This is a black and white postcard showing a group of men harvesting peaches from an orchard at Siloam Springs, in Benton County, Arkansas. Some of the men are in a car, others are standing, while others are up on ladders next to the trees. Baskets of peaches are shown in the foreground.
In the mid-1800s, what would become the town of Siloam Springs was known as "Hico," a Cherokee word meaning "clear water" or "sparkling water." Hico's post office was established in 1855. In 1880, Hico merchant and former Union scout John Valentine Hargrove established Siloam City on land he owned in the valley along Sager Creek. Several factors led him to do this. The St. Louis'“San Francisco Railway (Frisco) in eastern Benton County led residents on the west side of the county to think that they, too, would soon have a railroad. The pure spring water flowing into Sager Creek was said to be medicinal, and testimonials about cures attracted health seekers even before Hargrove platted his land into a town. Trade with the Cherokee Nation and farming continued to be important parts of the local economy.
Promotion of the new town was so successful that it was incorporated in the next year as Siloam Springs. In 1882, the Hico post office closed, and the Siloam Springs post office opened. When there was still no prospect for a rail line by the mid-1880s, many of those who made up the town's initial population boom began to leave.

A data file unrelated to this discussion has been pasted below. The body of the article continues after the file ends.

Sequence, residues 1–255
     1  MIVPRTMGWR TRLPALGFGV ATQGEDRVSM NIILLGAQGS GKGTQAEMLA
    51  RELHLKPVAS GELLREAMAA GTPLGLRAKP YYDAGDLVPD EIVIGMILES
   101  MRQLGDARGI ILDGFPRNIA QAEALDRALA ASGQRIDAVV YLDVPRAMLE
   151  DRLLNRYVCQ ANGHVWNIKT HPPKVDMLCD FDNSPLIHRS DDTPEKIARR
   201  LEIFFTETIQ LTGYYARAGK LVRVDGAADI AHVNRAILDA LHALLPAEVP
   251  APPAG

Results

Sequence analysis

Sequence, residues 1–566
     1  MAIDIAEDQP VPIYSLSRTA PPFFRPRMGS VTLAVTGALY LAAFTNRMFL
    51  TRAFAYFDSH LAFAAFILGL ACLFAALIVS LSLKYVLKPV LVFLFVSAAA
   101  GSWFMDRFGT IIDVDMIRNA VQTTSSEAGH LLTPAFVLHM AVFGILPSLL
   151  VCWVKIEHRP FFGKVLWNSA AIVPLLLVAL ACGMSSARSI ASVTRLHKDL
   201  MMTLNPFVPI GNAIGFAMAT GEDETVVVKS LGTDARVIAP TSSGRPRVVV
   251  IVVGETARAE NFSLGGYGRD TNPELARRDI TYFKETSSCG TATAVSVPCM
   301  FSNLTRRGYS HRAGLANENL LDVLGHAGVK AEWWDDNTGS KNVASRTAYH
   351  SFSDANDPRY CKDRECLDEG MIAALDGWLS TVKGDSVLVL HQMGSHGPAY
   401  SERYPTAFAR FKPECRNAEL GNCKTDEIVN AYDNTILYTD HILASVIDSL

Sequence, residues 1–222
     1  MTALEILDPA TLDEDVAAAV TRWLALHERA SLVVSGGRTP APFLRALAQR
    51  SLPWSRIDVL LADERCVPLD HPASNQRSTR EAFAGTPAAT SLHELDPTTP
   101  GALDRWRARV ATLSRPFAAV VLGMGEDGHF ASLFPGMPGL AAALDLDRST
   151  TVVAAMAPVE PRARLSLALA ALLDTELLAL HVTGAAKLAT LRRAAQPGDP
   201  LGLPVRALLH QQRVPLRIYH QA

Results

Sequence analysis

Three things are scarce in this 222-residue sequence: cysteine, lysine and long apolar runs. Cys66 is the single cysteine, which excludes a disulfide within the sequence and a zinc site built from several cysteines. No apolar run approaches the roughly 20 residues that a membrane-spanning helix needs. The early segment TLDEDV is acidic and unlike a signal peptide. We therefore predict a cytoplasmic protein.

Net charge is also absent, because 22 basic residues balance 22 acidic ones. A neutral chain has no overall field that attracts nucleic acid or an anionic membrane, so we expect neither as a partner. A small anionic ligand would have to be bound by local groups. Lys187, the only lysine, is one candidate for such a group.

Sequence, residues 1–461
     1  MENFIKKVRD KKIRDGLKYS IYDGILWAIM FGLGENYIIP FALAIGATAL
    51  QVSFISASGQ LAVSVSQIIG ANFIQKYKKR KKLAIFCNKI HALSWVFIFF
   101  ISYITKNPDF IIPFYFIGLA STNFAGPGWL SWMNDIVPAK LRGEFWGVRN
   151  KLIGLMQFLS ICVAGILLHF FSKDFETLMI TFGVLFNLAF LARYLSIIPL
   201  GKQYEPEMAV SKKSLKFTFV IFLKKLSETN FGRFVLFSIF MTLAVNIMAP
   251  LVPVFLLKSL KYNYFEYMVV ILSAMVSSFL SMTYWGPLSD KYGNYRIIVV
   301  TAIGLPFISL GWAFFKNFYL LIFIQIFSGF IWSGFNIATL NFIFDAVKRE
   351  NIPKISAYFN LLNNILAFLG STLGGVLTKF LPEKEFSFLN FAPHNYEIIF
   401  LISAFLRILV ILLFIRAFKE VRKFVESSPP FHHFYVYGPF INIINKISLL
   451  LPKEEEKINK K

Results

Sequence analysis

But in 1893, the Kansas City, Pittsburg & Gulf Railroad began building towards Sulphur Springs; this line was reorganized as the Kansas City Southern in 1900. To ensure that the line would pass through town, local businessmen led by Robert S. Morris of the Bank of Siloam pledged $20,000 to the railroad, half when the first passenger train arrived and the rest six months later. They also secured land for the depot and ten miles of right of way for the track. On December 20, 1893, the railroad reached Siloam Springs; most of the buildings in the downtown historic district were built between this date and the beginning of the Great Depression.
By 1900, Siloam Springs was a summer health resort with city-owned water and electric services, public schools, and a telephone company. The apple industry was thriving, and peaches, strawberries, and other fruit crops were also grown commercially.
Black and white postcard, 5.5" x 3.5"
Postcards; Peach trees; Peach orchards; Peaches; Harvesting
Siloam Springs, Benton County (Ark.)
ASA postcard collection, G1211.11.1
ASA postcard collection
Arkansas State Archives
Arkansas State Archives
Gathering Peaches, Siloam Springs, Arkansas, ASA postcard collection, Arkansas State Archives, Little Rock, Arkansas.
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